Private users won’t see that benefit but can console themselves with zero-rated vehicle tax, saving them £150 a year.
Servicing is required just once every two years, or 18,000 miles if you get through those more quickly, which should keep downtime to a low level and costs under control.
However, even with low running costs and low taxation, and without the need for petrol or diesel, it’ll still cost quite a bit in electricity. The official 257-mile range is a tad optimistic, with a week’s worth of mixed driving showing an average of around 200 miles being more realistic.
On an average home energy tariff charging around 15p per kWh, that works out at roughly seven pence per mile. Start filling up at expensive motorway-based chargers and you’ll end up paying more than you would for a tank of diesel.
Is there a manufacturer making more minimalist, stylish interiors? I’d hazard a guess not. Usability is a different matter, but there’s no doubt that the Audi’s cabin is a masterclass in simple, elegant yet high-tech design.
While most manufacturers opt for a now-conventional layout of an infotainment screen sat high above some ancillary controls, Audi adds another screen instead. While your usual infotainment controls sit in the normal high-mounted screen, behind smartphone-esque polished glass, a second screen is mounted lower down that looks after heating and ventilation, and other secondary systems.
It looks magnificent, with high-definition graphics on both screens, while haptic feedback lets you know when you’ve pressed a button. But, of course, there's not a physical button, so you will need to look down to see where on the screen your finger is pointing.
A third screen replaces the traditional instrument panel in front of the driver. This ‘Virtual Cockpit’ works well, replacing dials and gauges with digital equivalents, but also allowing for different configurations best suited to your needs at the time. Using the navigation setting, for example, sets the speed and other information to the sidelines, and places a large navigation screen right in front of the driver. There’s even an option to use satellite imagery, so you can see the actual buildings, junctions and even things like trees - that’s handy when looking for a near-invisible turning on a country road for example.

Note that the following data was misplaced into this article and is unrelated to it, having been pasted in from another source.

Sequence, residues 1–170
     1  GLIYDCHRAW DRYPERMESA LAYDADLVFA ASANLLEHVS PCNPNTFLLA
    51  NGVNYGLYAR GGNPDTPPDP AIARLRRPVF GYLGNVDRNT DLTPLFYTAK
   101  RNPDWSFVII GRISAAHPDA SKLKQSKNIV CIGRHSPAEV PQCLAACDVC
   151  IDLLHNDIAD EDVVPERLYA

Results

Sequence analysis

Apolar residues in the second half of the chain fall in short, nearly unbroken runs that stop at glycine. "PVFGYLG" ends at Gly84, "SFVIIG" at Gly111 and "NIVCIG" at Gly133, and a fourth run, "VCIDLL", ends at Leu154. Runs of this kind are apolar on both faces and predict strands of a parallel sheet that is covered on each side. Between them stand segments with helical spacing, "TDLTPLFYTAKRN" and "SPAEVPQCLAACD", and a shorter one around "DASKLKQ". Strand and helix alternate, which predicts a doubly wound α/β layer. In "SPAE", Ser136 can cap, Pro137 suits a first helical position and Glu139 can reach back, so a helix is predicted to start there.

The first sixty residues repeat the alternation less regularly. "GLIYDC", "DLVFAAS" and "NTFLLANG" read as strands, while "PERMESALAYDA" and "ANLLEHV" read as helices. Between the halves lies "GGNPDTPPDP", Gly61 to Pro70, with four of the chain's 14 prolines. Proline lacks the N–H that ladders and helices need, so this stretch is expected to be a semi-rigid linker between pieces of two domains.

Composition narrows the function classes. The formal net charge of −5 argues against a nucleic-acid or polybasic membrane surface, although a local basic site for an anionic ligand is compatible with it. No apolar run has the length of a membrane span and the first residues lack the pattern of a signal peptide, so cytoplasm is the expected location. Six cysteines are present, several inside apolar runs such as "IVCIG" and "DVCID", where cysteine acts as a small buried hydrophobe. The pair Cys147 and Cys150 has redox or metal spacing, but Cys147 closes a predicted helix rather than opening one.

If the dashboard is high tech, the rest of the cabin is fairly conventional. Big, comfy seats up front are better than the rear bench, as you might expect, but there’s nothing that anybody would find uncomfortable, tight for space, or ungainly. It’s a triumph of style, but sometimes over function.
Let’s talk about those wing mirrors, or rather the lack of them. Replacing the traditional mirrors with video cameras is an option on the S line model tested here (although the car was fitted with them) and standard on the Launch and Vorsprung models.
Instead of those bulky ears sticking out of the side of the car, you get a pair of spindly sticks with an embedded camera in each. These broadcast an image of the outside world two a pair of small monitors in the door panels, in roughly the same place as you’d look for a normal door mirror, but slightly lower down.
It looks a million dollars. It’s like the future has finally arrived, with just hoverboards left to tick off the list, with a crisp and clear image on the displays. That’s especially true at night, where the system extracts more information from the darkness behind than the human eye can manage.
However, it’s not all sunshine and rainbows. Despite a reasonably wide-angle lens, your view is restricted to the field of view of the camera. There's no ability to crane your neck a little and see an alternative angle, something that’s particularly frustrating when reversing into a tight gap. Judging distances can be tricky too, with perspective on the flat display difficult to get to grips with. They say objects in the rearview mirror may be closer than they appear, but it’s a bit of a guess to figure out how far away anything really is.
The benefits, I assume, are that it’s more aerodynamic and therefore energy efficient. On a chunky SUV that weighs 2.5 tonnes, the benefit of that is probably rather muted, while the cost of replacing a damaged unit is likely to be significantly higher than replacing a piece of mirror glass.
I’m all for new technology where it has a positive impact, but this feels like technology purely for the sake of it.
Practicality & Boot Space
Swapping the e-tron’s upright stance for something more svelte has impacted practicality, but not by any significant margin. The steeply-raked boot lid eats into the capacity, but you can still squeeze 615-litres of cargo under the Sportback’s parcel shelf. That compares to 660 litres of the SUV variant and is still more than you’ll find in a Volvo V90.
Headroom is impeded in the rear seats but, again, by nothing particularly significant. Even after losing a few centimetres, there’s more than enough for all but the very tall, while impressive legroom ensures you’re left feeling like there’s acres of space.